The College of Arts & Sciences and the Division of Student Affairs have partnered to bring to campus Allison Hurst, an academic researcher and expert on successes and challenges of first-generation college students.
Hurst, the author of The Burden of Academic Success and College and the Working Class, is on campus Wednesday and Thursday, Sept. 7 and 8, taking part in a panel discussion on Wednesday and a public lecture on Thursday. All events associated with Hurst’s visit are free and open to the public.
“Dr. Hurst has researched the academic journeys and experiences of first-generation students and has ideas on how we can do a better job of supporting them,” said Debbie Storrs, dean of the College of Arts & Sciences. “First-generation students are capable and resilient. They simply have different external and internal challenges that require institutions to be more thoughtful and responsive. That’s what UND is doing.”
Hurst will present a lecture at 3 p.m. on Thursday in the Memorial Union’s Lecture Bowl. A reception will be held immediately following the lecture.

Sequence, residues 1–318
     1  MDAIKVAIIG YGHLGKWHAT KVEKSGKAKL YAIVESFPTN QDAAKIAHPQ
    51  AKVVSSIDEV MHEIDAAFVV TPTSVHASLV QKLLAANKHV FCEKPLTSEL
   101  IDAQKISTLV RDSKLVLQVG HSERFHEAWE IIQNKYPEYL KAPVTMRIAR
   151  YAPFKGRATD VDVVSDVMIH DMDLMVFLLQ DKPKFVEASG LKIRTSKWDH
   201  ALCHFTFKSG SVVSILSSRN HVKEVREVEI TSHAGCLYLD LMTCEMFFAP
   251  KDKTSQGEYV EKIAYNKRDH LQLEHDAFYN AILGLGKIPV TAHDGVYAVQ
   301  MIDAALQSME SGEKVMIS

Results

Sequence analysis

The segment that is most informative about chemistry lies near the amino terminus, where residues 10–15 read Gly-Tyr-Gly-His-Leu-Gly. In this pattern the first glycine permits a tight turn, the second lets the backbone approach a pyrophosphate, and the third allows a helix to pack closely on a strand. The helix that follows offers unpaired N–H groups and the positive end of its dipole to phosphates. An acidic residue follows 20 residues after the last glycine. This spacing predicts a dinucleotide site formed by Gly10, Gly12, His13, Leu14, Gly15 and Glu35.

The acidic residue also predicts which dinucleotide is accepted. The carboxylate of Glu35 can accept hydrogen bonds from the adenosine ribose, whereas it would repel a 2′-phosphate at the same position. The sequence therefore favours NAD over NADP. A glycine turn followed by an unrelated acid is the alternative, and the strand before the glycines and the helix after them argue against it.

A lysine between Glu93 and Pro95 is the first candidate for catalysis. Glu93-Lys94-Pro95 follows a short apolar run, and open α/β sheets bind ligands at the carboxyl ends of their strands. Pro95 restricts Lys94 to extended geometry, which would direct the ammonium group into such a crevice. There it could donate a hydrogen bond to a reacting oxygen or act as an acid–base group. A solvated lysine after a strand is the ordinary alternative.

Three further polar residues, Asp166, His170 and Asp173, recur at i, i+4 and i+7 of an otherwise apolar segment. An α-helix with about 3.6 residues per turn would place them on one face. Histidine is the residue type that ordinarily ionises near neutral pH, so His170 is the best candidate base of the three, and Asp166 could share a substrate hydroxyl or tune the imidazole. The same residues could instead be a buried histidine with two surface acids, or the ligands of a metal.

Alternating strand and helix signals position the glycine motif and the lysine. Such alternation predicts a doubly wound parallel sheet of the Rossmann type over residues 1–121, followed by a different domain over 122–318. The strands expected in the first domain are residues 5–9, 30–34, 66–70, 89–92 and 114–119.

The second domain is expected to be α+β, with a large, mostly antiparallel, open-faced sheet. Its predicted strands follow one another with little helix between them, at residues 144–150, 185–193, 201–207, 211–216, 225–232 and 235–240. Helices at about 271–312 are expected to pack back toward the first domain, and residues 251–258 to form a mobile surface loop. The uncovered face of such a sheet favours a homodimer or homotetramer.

In the lecture, Hurst is expected to address a number of areas of her research, including class-identity construction and reconstruction among students before and during college; the interplay of class identity, educational success and social mobility; and the psychological and social costs of academic success.
Along with partnering with the Division of Students Affairs to bring Hurst to campus, Storrs said that this fall the College of Arts & Sciences will launch “UND 1stG,” a first-generation logo that will proudly identify those students who are first in their families to attend college.
“As a first-generation student myself, I know the unique challenges of attending college when no one else in your family has done so,” Storrs said. “We have many first-generation students at UND and we want to ensure they feel supported and their academic needs are met. Luckily we also have first-generation faculty and staff who have successfully navigated college and who want to ensure their students are also successful.”
Interim Vice President for Student Affairs Laurie Betting also remembers what it was like to be a first-generation college student.
“I received support though TRIO (a federal program that ensures equal educational opportunities for all American citizens) and know first-hand the challenges and importance of student-support services,” Betting said.
For more information regarding UND 1stG, check out the website and follow on Facebook (UND 1st G) and on Twitter (@UND1stG).
— Tanya Butler, College of Arts & Sciences, 777.6240, tanya.butler@UND.edu